“Athletically the transition has been fairly easy,” Juzang said.“I came from Core Academy and they more than prepared me for high school basketball. Still, being the best school year I’ve had, the training schedule was like no other and they taught me a very hard work ethic, so I was very ready for the next level. The coaches at Harvard-Westlake have helped me a lot as well.”
Coming to Harvard-Westlake pushed Juzang to work hard everywhere, and at every workout. Although Juzang still recognizes that he has work to do on the defensive end, he believes his athleticism and determination will lead him to success there soon.
“I’ve changed my mindset and approach to the game, so that whenever I step on the court or into any kind of workout, I go as hard as I possibly can. I’d say that improved defense is a result of just going hard in general. It’s gotten better but I’ve got a lot to improve on. On-ball defense is a big focus right now.”— Johnny Juzang '20
The perfect fit, as Juzang describes it, is something that has made his transition to high school basketball that much easier. Head coach David Rebibo coached Juzang’s older brother, Christian,and Juzang and his family have admired his coaching style ever since. Juzang chose to apply to Harvard-Westlake based on his familiarity with Rebibo, among a host of other factors.
“I was never recruited to Harvard-Westlake,” Juzang said. “My family has known Coach Rebibo for years because my older brother, Christian, played for him as a freshman and he’s always been a great coach. We choose the school because we thought the academic and athletic programs would be a good fit for me and my sister. The transition to the school has gone pretty well. There’s definitely no shortage of work but as long as you manage your time you’ll be fine.”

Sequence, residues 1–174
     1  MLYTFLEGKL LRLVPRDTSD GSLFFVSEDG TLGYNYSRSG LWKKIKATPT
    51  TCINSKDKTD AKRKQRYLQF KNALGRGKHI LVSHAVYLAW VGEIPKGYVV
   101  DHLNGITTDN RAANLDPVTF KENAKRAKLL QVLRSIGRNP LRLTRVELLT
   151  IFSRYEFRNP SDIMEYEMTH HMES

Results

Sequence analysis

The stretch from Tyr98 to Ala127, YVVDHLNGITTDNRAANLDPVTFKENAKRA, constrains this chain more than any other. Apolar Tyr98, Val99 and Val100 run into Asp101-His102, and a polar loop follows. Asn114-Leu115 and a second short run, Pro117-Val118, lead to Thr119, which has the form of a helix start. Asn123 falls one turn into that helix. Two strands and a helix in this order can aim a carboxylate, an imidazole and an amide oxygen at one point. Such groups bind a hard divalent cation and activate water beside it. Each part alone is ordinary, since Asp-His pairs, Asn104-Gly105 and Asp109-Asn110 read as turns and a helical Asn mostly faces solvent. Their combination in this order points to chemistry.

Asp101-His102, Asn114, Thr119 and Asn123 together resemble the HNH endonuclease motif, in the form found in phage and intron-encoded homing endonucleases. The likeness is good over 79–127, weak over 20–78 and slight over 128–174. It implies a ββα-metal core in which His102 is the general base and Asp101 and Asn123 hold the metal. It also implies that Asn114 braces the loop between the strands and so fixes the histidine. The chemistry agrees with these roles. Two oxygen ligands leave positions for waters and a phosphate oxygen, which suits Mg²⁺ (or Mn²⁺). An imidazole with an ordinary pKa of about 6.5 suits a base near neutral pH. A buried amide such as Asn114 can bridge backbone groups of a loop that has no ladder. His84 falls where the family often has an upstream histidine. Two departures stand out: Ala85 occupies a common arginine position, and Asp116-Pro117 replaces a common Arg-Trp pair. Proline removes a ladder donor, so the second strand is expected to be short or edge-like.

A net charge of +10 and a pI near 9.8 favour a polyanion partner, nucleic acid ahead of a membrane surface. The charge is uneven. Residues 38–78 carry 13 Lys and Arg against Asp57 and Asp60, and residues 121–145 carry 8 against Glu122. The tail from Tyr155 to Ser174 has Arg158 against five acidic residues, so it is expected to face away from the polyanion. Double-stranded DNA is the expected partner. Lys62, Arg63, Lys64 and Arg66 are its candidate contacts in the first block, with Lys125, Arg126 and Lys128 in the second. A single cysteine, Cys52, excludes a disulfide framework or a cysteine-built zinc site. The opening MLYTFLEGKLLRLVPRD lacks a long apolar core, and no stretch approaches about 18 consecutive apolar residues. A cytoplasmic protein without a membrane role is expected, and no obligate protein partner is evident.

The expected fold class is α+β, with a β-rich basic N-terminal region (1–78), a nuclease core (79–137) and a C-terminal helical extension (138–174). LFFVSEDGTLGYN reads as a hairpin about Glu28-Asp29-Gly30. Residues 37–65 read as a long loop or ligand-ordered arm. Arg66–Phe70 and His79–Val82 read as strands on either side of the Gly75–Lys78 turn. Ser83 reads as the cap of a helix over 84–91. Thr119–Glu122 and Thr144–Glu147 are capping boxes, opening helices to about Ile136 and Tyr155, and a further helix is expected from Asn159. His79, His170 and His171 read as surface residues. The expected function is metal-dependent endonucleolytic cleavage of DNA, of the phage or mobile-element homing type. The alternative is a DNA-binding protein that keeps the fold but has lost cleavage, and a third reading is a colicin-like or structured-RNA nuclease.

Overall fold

Just because Juzang is new to high school basketball doesn’t mean he is new to competing at high levels of the sport. As a point guard for the AAU team the Compton Magic, Juzang is no stranger to having the target be on his back; many times the Magic was ranked as the top club team in the country.
“It’s a phenomenal program with great people,” Juzang said. “We’re an Adidas program and play in the Adidas Gauntlet. We have so much fun and everybody can play. Over the spring and summer, we travelled all over the country and a little bit out of it to Canada. It was tons of fun and a great experience.”
One of the best ways to see how valuable Juzang is to the Wolverines is watching how the team does without him playing. Juzang was absent for the Wolverines’ narrow win over last-place Notre Dame and in a tournament loss to De La Salle because of a broken finger. It’s no coincidence that the lanky guard’s absence resulted in a season low in points, 47 and 41 respectively, and field goal percentage for the team at 22 percent. Although it’s a small sample size, the fact that the team scores almost 20 less points per game speaks to the importance of the attention, spacing, shooting and passing that Juzang brings to the table every night.
“Playing with Johnny has been very fun,” Iken said. “He’s very talented, so he gets a lot of attention. It just opens up the floor with his ability to shoot the ball. People don’t put as much help defense on the rest of us so you can go off screens, attack the basket from his side, and when he’s open you give him the ball. He’s most likely going to make the shot.”